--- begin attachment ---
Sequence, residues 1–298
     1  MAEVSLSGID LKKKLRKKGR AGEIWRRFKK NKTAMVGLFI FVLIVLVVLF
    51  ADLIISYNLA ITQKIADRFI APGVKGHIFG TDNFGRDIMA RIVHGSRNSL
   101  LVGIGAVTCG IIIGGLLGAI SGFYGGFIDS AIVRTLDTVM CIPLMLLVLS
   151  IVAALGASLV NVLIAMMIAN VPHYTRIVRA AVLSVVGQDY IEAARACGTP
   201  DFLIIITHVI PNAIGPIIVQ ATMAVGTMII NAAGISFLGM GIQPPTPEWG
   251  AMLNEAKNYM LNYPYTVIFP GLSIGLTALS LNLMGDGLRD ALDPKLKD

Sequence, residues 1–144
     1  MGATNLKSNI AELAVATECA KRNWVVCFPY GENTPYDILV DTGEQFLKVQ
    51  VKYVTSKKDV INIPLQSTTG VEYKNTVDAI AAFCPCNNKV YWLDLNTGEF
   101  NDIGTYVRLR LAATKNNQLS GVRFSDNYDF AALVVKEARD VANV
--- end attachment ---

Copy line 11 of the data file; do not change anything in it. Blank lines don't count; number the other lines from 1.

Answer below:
   101  NDIGTYVRLR LAATKNNQLS GVRFSDNYDF AALVVKEARD VANV